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Document Availability

You may obtain copies of the documents for review by contacting the above named individual (FOR FURTHER INFORMATION CONTACT) or by making an appointment to view the documents at the above address (see ADDRESSES) during normal business hours. You may also view the documents on the Internet at​projects/​threemile.html.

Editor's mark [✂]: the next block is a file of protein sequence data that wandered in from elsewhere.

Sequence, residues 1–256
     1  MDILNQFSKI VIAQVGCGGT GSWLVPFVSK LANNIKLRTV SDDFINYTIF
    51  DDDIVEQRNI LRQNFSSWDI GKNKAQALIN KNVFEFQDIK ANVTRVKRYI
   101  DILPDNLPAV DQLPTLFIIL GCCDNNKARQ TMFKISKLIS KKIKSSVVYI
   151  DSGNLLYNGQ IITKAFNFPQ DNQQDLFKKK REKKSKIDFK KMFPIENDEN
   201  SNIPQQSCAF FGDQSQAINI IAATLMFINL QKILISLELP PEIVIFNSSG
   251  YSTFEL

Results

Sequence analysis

Under a Candidate Conservation Agreement with Assurances, participating landowners voluntarily implement conservation activities on their property to benefit nonlisted species that are proposed or candidates for listing under the Act, or other sensitive species. Landowners may be willing to implement measures that enhance populations of sensitive species on their property, but may be reluctant to do so because of potential land-use restrictions that could occur should the species eventually be listed under the Act. As a result of this potential regulatory concern, Candidate Conservation Agreements with Assurances encourage private and other non-Federal property owners to implement conservation efforts and reduce threats to non-listed species by assuring landowners that they will not be subjected to increased property use restrictions beyond those identified in Start Printed Page 51590the agreement. Under the Final Policy for Candidate Conservation Agreements with Assurances (64 FR 32726), the Service must determine that the benefits of the conservation measures implemented by the property owner, when combined with those benefits that would be achieved if it is assumed that conservation measure were also to be implemented on other necessary properties, would preclude or remove any need to list the covered species. Application requirements and issuance criteria for Enhancement of Survival Permits through Candidate Conservation Agreements with Assurances are found in 50 CFR 17.22(d) and 17.32(d). These permits allow the incidental take of any covered species in accordance with the terms of the permits and accompanying agreement, should the species be listed during the term of the permit. Section 9 of the Act and its implementing Federal regulations prohibit the “take” of a species listed as endangered or threatened. Take is defined under the Act as including to harass, harm, pursue, hunt, shoot, wound, kill, trap, capture, or collect listed animal species, or to attempt to engage in such conduct (16 U.S.C. 1538). “Harm” is further defined by regulation as significant habitat modification or degradation that results in death or injury to listed species by significantly impairing essential behavioral patterns; including breeding, feeding, or sheltering (50 CFR 17.3).